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How Do I Become a Building Engineer?

By M. Kayo
Updated: Mar 03, 2024
References

To become a building engineer or architectural engineer you need to take a few things into consideration first. As with most technical positions, the right education and training are important. A working knowledge of basic and industry specific drafting software programs like AutoCAD® will also likely be required for this job. Once you start working through your college coursework and declare a major in architectural engineering, you will need to decide on an area of specialization within the broader field of building engineering. Building engineers may also be required to obtain a professional engineer's (PE) license.

You will need to have skills in mathematics, critical thinking, science, building construction, and a basic understanding of engineering technology if you want to become a building engineer. Most engineering programs are challenging and may be hard to get into, so many will require that you maintain a minimum grade point average of 3.0 or better. Basic coursework includes engineering mechanics, technical drawing, thermodynamics, surveying, and structural analysis. Degrees for those wanting to become a building engineer or architectural engineer include a Bachelor of Engineering, Bachelor of Technology, and Bachelor of Applied Science. A typical degree plan for this job takes between three and four years to complete

Building engineering is a general approach to planning, design, construction, renovation and operation of building structures and their overall impact on the surrounding areas and environment. It is typically divided into several sub-disciplines, including structural systems, environmental systems, mechanical systems, and electrical systems. All building or architectural engineers work closely with architects, engineers, and other professional people, so an ability to communicate clearly helps. Architectural or building engineers may require a license to practice architecture.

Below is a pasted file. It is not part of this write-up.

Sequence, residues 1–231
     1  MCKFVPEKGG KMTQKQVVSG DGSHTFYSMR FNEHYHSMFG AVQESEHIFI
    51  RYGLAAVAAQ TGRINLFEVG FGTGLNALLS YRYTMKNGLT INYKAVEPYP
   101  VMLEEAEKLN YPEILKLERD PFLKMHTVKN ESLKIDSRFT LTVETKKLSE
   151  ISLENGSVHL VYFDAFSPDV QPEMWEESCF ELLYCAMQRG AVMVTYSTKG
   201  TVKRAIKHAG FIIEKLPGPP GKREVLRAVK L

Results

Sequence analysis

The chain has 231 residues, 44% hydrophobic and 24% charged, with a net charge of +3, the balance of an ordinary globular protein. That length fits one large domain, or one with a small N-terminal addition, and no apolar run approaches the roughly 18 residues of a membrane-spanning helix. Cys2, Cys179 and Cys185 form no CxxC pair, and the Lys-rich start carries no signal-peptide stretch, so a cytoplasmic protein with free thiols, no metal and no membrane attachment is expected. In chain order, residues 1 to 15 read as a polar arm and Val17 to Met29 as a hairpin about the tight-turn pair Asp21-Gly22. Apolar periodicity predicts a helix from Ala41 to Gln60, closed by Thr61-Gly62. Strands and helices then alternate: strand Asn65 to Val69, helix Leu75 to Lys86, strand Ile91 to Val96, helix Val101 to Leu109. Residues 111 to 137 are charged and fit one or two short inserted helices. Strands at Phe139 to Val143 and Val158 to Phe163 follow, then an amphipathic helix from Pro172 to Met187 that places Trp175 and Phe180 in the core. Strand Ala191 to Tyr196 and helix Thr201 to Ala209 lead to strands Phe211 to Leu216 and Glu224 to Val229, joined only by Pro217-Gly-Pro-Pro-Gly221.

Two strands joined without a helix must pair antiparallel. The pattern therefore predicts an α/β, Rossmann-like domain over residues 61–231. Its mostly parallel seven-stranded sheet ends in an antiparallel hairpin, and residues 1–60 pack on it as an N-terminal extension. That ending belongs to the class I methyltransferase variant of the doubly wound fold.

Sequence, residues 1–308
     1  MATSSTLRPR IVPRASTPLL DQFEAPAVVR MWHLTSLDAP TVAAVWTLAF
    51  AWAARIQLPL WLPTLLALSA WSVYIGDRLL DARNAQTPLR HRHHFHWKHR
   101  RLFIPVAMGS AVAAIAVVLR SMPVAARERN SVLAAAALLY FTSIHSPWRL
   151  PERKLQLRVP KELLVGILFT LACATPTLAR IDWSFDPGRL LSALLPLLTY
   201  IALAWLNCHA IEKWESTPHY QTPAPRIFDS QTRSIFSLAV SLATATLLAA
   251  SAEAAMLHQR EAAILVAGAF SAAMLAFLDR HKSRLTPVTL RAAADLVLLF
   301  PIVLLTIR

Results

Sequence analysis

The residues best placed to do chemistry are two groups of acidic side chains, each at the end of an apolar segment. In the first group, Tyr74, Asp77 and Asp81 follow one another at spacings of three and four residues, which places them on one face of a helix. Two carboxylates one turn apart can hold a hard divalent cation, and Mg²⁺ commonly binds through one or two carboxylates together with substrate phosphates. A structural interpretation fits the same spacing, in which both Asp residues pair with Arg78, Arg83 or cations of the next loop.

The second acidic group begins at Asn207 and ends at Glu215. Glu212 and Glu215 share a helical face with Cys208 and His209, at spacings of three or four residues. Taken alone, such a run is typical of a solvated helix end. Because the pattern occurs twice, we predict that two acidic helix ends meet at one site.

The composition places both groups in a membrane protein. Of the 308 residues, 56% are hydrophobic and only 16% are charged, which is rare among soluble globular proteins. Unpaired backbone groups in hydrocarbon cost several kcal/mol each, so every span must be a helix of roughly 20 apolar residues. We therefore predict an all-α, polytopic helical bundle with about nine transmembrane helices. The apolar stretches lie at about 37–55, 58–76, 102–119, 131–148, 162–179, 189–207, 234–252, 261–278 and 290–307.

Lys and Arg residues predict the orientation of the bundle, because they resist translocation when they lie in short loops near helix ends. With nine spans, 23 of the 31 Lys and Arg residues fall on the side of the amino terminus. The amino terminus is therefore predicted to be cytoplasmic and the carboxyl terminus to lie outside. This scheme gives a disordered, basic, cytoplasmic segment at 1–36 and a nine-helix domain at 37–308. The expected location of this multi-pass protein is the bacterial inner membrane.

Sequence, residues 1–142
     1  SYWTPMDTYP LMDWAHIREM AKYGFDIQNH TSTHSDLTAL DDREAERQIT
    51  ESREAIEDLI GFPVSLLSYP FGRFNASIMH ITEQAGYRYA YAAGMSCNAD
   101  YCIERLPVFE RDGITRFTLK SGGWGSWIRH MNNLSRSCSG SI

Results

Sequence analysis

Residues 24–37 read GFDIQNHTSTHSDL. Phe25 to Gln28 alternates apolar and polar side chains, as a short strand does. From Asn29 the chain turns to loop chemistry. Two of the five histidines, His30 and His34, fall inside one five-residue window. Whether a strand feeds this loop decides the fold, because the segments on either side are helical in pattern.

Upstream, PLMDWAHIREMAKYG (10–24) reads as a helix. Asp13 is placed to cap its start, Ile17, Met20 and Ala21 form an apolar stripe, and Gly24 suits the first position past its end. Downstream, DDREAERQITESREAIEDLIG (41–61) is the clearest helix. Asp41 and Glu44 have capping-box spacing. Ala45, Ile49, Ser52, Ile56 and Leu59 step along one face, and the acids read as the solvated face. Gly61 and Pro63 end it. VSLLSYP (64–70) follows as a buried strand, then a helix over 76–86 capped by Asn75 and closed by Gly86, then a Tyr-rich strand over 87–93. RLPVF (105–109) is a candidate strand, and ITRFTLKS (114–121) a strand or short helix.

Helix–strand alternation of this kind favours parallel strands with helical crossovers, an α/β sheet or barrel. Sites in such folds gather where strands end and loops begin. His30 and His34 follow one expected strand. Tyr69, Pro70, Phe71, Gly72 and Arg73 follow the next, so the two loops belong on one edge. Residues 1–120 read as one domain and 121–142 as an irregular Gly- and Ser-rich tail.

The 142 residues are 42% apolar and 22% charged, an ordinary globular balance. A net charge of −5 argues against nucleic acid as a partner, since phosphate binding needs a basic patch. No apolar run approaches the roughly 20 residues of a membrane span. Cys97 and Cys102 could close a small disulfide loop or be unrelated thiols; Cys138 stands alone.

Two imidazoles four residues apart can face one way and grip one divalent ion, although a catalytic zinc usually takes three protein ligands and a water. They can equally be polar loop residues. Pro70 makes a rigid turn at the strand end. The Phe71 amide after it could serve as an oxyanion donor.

If you want to become a building engineer, you will need to know how to analyze survey reports, read technical drawings and blueprints, and interpret the geological and topographical information necessary to plan building projects. Management skills are needed to direct personnel in various construction, maintenance, or operations activities at a building site. The ability to estimate the overall cost and quantity of building materials and equipment may also be a necessary skill. One of the most important characteristics for those planning to become a building engineer is a well-developed sense of detail. This will assist you when conducting inspections to make sure design conformance standards are being met on a job site.

Many other job titles, like architectural engineer, plant or facilities engineer, construction project manager, and structural engineer are used interchangeably with the title of building engineer. Check out the specific details of any enrollment requirements, training certifications, and educational degrees offered by any engineering training school or college.

Practical Adult Insights is dedicated to providing accurate and trustworthy information. We carefully select reputable sources and employ a rigorous fact-checking process to maintain the highest standards. To learn more about our commitment to accuracy, read our editorial process.
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